Genetics & Bioinformatics - AG Franke

Andre Franke

Immunogenetics and Bioinformatics

Andre Franke

Group Leader

Andre Franke

Natalie Tepling


Natalie Tepling

Mission Statement

The World Health Organization (WHO) ranks chronic diseases as the greatest threat to human health. Chronic inflammation has emerged as the most significant cause of death in the world, and the prevalence of associated diseases is anticipated to increase steadily in the coming years.

Operating at the interfaces between immunology, genetics and bioinformatics, the research group “Immunogenetics and Bioinformatics” studies the complex interplay of intrinsic genetic traits, host microbiome and extrinsic environmental factors that shape the immune system and, when dysregulated, can drive inflammatory diseases, such as inflammatory bowel disease (IBD) and primary sclerosing cholangitis (PSC). Besides patients, we perform also analyses on population-scale cohorts from Schleswig-Holstein and other areas in the world.

T cells are central regulators of adaptive immunity and inflammatory responses. Each T cell expresses a unique T cell receptor (TCR), selected by its ability to bind peptides presented by major histocompatibility complex (MHC) molecules, known as the human leukocyte antigen (HLA) in humans, on the surface of antigen-presenting cells. Structurally, a TCR recognizes both peptide and the MHC protein (pMHC). The TCR-pMHC interaction forms an integral part of the immunological synapse that governs the development, expansion and downstream effector functions of T-cells. Disruption of the balance between the specificity and cross-reactivity among TCR-pMHC interactions can lead to aberrant inflammation and autoimmunity.

MHC class II pathway (in humans also called HLA) and the structure of the molecule including a close up of the highly polymorphic binding pocket.

We focus on combining patient-specific HLA risk maps, TCR repertoire profiling and microbiome analyses from large cohorts with antigen discovery technologies to identify pathogenic sources of antigens and to molecularly define actionable targets for disease prevention and treatment.

We employ cutting-edge sequencing technologies and develop HLA-typing bioinformatic tools on large cohorts of patients, healthy individuals and first-degree relatives (FDRs; popgen IBD Family Cohort) to dissect disease-associated signals. We focus on early disease and pre-disease cohorts. In addition, we established bulk and single-cell RNAseq to profile TCR repertoires and characterise specific T cell clonotypes from patient and control material.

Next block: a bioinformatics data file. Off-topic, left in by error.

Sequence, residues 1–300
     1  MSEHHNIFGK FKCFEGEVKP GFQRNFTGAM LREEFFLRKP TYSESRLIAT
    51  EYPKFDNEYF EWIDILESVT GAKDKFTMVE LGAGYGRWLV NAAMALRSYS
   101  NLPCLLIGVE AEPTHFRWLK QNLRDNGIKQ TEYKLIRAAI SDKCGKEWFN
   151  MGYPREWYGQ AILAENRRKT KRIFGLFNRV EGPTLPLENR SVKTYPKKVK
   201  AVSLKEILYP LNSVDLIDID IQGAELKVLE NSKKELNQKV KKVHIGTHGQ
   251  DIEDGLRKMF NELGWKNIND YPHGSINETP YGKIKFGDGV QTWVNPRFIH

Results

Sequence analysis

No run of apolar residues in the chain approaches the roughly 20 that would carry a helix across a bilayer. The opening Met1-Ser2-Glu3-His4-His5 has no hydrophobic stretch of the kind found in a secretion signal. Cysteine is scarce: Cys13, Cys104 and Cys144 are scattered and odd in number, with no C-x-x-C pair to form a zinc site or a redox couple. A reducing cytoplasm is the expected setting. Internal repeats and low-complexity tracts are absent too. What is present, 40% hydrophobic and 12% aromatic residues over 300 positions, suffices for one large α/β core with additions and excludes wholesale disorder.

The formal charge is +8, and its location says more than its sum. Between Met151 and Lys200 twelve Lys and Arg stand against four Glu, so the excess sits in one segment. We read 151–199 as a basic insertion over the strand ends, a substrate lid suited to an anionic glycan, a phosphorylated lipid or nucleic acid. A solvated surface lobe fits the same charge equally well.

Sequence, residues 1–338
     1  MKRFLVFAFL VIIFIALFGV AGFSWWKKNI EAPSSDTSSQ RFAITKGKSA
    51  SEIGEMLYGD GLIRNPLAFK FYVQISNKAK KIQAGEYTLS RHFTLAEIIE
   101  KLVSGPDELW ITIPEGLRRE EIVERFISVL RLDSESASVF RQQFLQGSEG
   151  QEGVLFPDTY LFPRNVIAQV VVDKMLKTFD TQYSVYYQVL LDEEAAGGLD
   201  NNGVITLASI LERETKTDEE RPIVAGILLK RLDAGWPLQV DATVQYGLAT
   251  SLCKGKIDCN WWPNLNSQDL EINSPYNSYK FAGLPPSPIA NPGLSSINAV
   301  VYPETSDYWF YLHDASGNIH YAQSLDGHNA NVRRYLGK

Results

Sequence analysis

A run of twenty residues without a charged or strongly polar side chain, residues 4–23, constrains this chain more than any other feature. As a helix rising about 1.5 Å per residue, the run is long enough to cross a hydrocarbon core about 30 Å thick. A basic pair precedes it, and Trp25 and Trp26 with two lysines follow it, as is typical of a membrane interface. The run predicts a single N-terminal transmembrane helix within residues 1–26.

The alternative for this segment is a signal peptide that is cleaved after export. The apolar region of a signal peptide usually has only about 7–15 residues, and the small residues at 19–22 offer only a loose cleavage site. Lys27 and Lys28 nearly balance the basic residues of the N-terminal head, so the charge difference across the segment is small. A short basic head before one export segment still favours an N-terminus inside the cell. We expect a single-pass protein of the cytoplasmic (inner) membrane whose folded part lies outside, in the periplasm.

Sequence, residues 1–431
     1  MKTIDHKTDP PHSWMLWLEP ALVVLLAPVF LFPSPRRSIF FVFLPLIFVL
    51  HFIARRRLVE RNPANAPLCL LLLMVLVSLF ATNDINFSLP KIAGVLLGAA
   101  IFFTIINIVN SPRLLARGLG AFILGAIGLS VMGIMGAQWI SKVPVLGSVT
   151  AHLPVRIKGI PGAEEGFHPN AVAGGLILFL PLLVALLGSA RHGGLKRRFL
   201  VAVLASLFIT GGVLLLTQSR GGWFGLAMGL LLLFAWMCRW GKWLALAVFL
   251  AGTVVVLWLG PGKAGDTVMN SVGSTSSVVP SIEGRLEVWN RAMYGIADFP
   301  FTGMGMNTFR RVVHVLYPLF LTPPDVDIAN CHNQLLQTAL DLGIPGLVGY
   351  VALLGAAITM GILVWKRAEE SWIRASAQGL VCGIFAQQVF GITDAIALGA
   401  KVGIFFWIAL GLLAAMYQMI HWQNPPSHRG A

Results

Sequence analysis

To facilitate these studies and to investigate the interaction between the intestinal microbiome and the human host, our Microbiome Core facility uses advanced technologies for biobanking and high-throughput analysis, from sample collection/management to library preparation, sequencing and bioinformatic analysis. Microbe sequencing using 16S Amplicon sequencing and metagenomics is further complimented by culturomics approaches. We envision that our approaches will drive the detection of microbial changes from pre-clinical to disease onset and progression. This, in turn, can help define the functional and causal relationships leading to the identification of therapeutic interventions.

We continue to invest in next-generation technologies for antigen discovery. These involve the development of bioinformatics tools (employing artificial intelligence methods) for the analysis of immunopeptidomic data, the establishment of protocols for antibody profiling such as phage immunoprecipitation sequencing (PhIP-Seq), and antigen-display screens based on yeast and lentiviral platforms to identify peptides recognized by disease-associated T cell receptor (TCR) and MHC molecules. These technologies will drive high throughput identification of novel antigens/peptides associated with autoimmune diseases.

Main research foci of the working group

We apply our bioinformatic expertise to layers of data derived from genomics, proteomics, metabolomics, metagenomics, diet, lifestyle and social factors to disentangle the complex pathology of inflammatory diseases. This work forms part of our long-term objectives of a high-resolution and successful application of personalized medicine in inflammation.

Other current research topics of the working group are, for example, data management, eHealth applications (including smartphone apps and wearables for patients; see also the StatusPlus webportal for reporting data back to probands), molecular blood group typing, COVID-19 genetic studies, hemorrhoids disease, and mGWAS (microbiome genome-wide association studies, i.e. mQTL studies) to identify host genetic factors that shape the human microbiome (skin, gut and oral microbiome under study).

We are part of different international consortia, for example, the International IBD Genetics Consortium (IIBDGC), the International PSC Study Group (IPSCSG), nf-core, the COVID-19 Host Genetics Initiative (COVID19 hg), and The Genome Aggregation Database (gnomAD).

Main Projects / Funding

Selected Publications